From Jiang Su To New York to Paris: The Life Of A UNESCO Undersecretary by Chen Yue
The fifth plenary session of the eighth China’s Political Consultative Conference was held in Beijing on February 25, 1997. I attended this conference as a secretary representing a small group. In the hotel I happened to come across an old man who spoke with the accent of my hometown, Lianyungang. He was not tall, silver-haired, and looked rather thin. A middle-aged man was supporting him with his arm. During these years, it was not very often for me to run into someone who spoke my hometown’s dialect. It turned out he was a native of my hometown indeed, and that middle-aged man was his nephew. We had dinner together and chatted. The more we chatted, the more we became familiar with each other. He was Mr. Tien Cheng Young, former undersecretary of UNESCO.
Crossing the Pacific to the United States
After over one month’s travel, Tien Cheng reported to the U.S. Federal Budgeting Bureau in January 1945. At the age of only 28, Tien Cheng was a quiet but hardworking young man. He knew he should cherish this precious opportunity to study abroad. In the daytime he buried himself in doing research and writing papers and reports. At night he read voraciously in this own room. Not far from the White House was the American University, quite a few of whose professors were senior officials from either the Federal Budgeting Bureau or other departments. During World War II, many American researchers worked for the government or joined the army. At that time the American University was not so famous as it is today. It was somewhat like those adult education colleges in China. Tien Cheng’s professor was his teacher at night and his colleague in the day. Tien Cheng’s paper titled How To Reform the White House’s Administrative System was highly appraised by his professor who was also associate director of the Bureau. In order to familiarize himself with the American budgeting system, he worked fourteen hours every day. After he completed the study eighteen months later, Tien Cheng reported the result to his home country. His superior requested the republic government cite him for doing such a brilliant job. Recommended by Federal Budgeting Bureau and his American University professors, Tien Cheng was admitted to Harvard University with financial assistance. He wrote to his superior in China and asked for permission to study at Harvard. Permission granted. In September 1946 Tien Cheng entered Harvard’s public administration program and received his master’s degree the next year.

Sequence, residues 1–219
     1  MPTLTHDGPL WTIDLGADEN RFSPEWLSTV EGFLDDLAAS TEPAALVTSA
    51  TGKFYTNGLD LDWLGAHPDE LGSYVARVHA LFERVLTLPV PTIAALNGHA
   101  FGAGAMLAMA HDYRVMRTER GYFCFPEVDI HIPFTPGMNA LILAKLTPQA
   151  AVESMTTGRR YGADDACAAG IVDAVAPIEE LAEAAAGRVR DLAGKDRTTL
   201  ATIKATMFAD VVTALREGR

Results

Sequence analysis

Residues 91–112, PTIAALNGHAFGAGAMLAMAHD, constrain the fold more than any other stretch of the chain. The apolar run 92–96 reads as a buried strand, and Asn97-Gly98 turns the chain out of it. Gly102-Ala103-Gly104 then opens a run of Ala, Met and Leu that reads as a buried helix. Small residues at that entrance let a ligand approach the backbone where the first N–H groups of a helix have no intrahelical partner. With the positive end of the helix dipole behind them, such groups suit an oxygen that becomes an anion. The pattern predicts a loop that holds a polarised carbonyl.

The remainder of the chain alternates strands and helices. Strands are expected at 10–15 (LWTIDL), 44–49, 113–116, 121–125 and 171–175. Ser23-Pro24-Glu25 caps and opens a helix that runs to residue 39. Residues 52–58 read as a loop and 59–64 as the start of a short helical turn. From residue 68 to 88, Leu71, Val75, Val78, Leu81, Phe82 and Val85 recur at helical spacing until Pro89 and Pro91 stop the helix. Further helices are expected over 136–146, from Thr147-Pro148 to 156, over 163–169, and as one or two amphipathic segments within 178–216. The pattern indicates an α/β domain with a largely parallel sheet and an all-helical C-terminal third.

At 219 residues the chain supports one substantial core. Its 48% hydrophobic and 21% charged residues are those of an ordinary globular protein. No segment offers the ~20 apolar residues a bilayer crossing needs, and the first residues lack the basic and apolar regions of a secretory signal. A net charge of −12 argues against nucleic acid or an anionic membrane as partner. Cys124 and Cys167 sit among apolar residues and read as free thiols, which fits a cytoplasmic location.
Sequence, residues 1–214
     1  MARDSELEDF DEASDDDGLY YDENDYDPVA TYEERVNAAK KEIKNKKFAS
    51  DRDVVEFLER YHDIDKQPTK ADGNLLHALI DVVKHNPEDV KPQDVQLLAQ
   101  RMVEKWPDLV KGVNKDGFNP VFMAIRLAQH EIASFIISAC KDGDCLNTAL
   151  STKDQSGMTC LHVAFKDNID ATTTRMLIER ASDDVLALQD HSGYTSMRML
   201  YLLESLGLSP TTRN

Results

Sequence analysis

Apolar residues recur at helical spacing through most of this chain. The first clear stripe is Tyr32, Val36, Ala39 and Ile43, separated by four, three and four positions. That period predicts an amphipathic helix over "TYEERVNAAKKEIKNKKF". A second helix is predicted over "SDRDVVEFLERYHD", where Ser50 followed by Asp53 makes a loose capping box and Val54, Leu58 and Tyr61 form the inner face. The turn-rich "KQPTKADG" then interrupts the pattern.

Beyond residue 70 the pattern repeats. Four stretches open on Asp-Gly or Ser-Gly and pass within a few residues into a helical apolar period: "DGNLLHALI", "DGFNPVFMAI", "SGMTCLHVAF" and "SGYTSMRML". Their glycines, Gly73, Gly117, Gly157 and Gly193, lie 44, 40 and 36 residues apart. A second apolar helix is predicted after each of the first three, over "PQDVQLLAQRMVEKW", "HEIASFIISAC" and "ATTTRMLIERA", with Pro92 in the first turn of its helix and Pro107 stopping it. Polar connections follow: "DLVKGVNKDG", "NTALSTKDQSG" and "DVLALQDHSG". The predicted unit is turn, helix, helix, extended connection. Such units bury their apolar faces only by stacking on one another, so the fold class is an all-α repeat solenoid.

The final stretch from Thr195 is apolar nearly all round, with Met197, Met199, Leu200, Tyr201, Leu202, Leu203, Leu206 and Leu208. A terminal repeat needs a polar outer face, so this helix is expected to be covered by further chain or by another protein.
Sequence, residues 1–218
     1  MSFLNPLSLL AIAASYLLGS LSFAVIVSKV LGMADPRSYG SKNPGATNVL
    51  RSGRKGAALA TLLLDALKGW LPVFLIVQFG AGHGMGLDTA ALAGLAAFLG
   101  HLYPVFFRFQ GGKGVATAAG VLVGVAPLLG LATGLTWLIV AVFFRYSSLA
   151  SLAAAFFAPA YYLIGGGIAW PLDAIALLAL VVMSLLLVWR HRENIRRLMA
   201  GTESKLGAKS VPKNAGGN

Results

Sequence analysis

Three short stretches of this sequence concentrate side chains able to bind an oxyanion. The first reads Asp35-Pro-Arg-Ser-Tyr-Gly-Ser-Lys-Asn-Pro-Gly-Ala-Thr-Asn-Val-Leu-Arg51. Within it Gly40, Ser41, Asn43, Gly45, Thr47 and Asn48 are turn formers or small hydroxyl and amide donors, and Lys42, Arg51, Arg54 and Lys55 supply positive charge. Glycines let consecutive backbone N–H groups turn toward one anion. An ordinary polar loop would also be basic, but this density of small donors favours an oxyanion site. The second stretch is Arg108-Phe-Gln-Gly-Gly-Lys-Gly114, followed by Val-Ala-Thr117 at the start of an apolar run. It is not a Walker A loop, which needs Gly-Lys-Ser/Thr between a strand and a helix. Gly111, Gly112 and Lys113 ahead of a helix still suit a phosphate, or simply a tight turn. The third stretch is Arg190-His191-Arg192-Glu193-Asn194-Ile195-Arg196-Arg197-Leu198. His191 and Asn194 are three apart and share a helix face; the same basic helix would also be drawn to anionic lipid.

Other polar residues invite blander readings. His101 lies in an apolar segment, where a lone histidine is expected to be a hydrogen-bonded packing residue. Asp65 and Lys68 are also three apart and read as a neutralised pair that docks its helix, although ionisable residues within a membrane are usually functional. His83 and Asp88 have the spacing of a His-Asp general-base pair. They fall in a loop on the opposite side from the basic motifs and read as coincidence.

When he graduated from Harvard, Tien Cheng sought Chen Qicai’s advice on whether he should go back to work in China. Chen told him that China changed tremendously after winning the anti-Japanese war and he was no longer obligated to go back. Tien Cheng was 30 that year. At the invitation of a friend, Tien Cheng began to work as a commissioner for United Nations Budgeting Bureau with an annual salary of $5,000. At the same time he was also pursuing his doctoral studies in political science at New York University. The UN headquarters was located in the New York suburbs, while New York University was in the downtown. Commuting was time consuming. It was already late night when he got home and he had go to work at six the next morning. It was during that time that Tien Cheng married Wu Juying, a graduate of economics from Fudan University. They had a son named Shanghai. Two years later, Tien Cheng completed all the required courses and received his Ph.D.
Crossing the Atlantic to Paris - the UNESCO Years
In April 1949, Tien Cheng and his family crossed the Atlantic Ocean to work as a budgeting commissioner for UNESCO located in Paris. He lived there 38 years till all his hair turned white.
When Qianquan started to work there, it was less than 3 years since UNESCO, a United Nations agency, was founded. His family lived in the suburbs. Their life was not rich but happy. Every weekend Tien Cheng would sort out his outdated newspapers and magazines and burn them out beside their garage.
To address the serious racial discrimination issue and uphold the principle that peoples all over the world enjoy human rights, freedom and respect irregardless of their race, gender, language or religion, the UNESCO passed Racial Declaration in 1952, emphasizing racial equality. In its brochures three boys were portrayed to play together, with each boy representing one of the yellow, white or black colors. Because Tien Cheng’s son looked very cute, he was picked to represent the Asian race.